As a letter writer for @MoreLoveLetters, I script daintily handwritten notes to people I’ve never met, and, most likely, will never meet. There is a comforting solace in this; the idea that your words could enhance someone’s day or bring a smile to their face is truly gratifying. The project captured my heart and my penmanship back in September, and I see a long road of stamps and envelopes ahead of me.
But when I got the January newsletter, the task at hand turned the tables on us eager letter writers. Now, instead of writing to someone in need of a little cheering up, we were asked to write a love letter to ourselves. At first, this idea intrigued me–how interesting would it be to script this letter to myself now, at the start of a brand new (and for myself, life-changing) year, and have it stored in a time capsule until being expedited back to me at the start of 2013? Beyond.
Yet, with all of this avid interest, it took me the whole month of January to finally write this letter. My thoughts kept coming back to one simple, but all-important, question: “Self, what should I say to you a year from now?” Where do I start?
While writing other letters, it is sometimes hard to find the “right” words to say. After reading advice tips and tricks, I found the best anecdote to being at a loss for the perfect sentiment: Write the letter you’d most like (or need) to receive. So while this particular letter project prevented me from penning a self-addressed note for weeks, eventually, I went back to that old advice.
And ultimately, I could read this letter any day of my life and put its very simple message to good use.
“At the start of your final undergraduate semester, I think this card says it all. You’ve worked hard the past four years to get to this looming graduation date, and now you don’t want it to end. The real world and the success of your future can be scary thoughts. There are various pieces of advice that you’ll be given during this next year of your life, but if you listen to nothing else, listen to the two simple words printed on this card: TAKE. TIME. Enjoy the last few months before you take that walk in your cap and gown. Enjoy every moment, and make memories that you’ll keep forever. Take the time to do what you want: read the book you’ve been meaning to get to, book the vacation you’ve always dreamed of taking, laugh even when you’re not feeling your greatest, stay out dancing all night, always greet others with a smile. Become a little fearless. You’ll never get these days, these moments, there memories or opportunities back, so take a deep breath and plunge in. Make the most of every day–time is taken for granted so often; we let it slip away so easily. Dare to dream–take the fantasies that grew in your 5-year-old mind and work them into your 22nd year of life. Remember where you’ve come from and keep in mind where you’re going, and take note of every minute along the way. There is so much out there for you, waiting patiently, and with faith and trust, you’ll find your dreams will be a reality–they just take time to come true.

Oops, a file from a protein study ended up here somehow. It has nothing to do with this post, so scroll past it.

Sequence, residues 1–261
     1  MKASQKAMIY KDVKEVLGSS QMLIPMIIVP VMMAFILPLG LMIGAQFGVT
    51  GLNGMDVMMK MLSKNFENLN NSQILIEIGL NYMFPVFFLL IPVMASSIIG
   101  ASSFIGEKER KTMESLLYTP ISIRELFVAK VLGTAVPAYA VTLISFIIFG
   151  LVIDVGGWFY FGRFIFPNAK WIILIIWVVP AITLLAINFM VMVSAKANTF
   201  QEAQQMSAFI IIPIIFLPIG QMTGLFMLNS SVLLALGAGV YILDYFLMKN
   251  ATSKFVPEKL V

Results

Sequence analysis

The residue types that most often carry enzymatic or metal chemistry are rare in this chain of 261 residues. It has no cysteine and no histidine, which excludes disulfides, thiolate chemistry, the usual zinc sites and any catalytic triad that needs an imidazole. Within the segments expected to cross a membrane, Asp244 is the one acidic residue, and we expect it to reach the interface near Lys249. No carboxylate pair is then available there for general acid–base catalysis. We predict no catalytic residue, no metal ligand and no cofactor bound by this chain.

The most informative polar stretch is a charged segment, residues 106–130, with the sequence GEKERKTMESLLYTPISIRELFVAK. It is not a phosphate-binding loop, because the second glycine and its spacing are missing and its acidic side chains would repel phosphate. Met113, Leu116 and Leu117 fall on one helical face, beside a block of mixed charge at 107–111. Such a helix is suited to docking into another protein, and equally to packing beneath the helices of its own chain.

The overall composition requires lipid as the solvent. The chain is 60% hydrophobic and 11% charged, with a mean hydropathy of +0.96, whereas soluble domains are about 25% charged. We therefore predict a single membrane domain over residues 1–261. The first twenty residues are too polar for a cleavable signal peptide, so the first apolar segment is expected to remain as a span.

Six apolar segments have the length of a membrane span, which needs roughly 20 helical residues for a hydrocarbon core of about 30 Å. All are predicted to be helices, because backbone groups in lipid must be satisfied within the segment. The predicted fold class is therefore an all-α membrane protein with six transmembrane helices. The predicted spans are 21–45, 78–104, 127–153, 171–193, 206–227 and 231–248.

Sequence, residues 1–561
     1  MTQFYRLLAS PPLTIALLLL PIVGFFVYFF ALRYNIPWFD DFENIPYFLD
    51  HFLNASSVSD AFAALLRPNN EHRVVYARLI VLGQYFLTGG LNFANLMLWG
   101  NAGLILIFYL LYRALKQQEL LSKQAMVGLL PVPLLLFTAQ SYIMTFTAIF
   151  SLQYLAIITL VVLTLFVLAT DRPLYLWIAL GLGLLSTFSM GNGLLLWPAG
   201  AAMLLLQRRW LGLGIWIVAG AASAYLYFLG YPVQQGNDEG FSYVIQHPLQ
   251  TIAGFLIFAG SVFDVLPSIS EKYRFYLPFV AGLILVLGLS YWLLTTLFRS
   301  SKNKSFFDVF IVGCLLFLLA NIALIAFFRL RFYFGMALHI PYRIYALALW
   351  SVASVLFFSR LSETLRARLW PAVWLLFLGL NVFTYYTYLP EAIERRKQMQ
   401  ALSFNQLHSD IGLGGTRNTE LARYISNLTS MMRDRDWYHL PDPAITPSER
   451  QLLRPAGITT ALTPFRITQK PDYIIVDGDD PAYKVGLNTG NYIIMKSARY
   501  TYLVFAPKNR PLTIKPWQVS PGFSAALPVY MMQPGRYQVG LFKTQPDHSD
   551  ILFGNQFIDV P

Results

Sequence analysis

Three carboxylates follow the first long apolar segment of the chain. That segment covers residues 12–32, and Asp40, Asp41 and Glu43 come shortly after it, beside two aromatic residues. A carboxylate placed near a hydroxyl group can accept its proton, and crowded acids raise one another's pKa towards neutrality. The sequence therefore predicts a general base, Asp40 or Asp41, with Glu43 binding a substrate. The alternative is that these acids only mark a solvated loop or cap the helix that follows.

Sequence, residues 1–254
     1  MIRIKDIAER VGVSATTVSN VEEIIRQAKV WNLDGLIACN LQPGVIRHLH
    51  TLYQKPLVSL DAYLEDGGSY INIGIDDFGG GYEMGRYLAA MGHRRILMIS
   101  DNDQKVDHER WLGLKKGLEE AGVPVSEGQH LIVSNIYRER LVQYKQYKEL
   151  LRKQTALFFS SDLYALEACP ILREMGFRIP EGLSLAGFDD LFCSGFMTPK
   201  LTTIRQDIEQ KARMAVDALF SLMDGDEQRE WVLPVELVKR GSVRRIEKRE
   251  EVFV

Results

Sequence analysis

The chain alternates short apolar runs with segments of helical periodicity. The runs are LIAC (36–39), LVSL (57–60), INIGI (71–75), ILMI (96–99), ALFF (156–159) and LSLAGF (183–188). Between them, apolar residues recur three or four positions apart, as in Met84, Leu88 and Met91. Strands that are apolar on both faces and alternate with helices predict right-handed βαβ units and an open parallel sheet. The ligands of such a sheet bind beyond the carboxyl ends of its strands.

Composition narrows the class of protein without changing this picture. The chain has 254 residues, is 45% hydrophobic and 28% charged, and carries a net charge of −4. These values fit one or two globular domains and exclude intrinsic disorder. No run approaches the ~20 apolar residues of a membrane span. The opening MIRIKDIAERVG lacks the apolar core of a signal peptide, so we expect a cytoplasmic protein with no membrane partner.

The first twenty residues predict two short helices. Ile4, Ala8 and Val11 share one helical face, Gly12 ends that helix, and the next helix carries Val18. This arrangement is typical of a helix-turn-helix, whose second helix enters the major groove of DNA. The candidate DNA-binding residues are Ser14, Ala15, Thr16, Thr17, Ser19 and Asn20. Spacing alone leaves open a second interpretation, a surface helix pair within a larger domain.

‘Go confidently in the direction of your dreams. Live the life you have imagined.’ –Henry David Thoreau”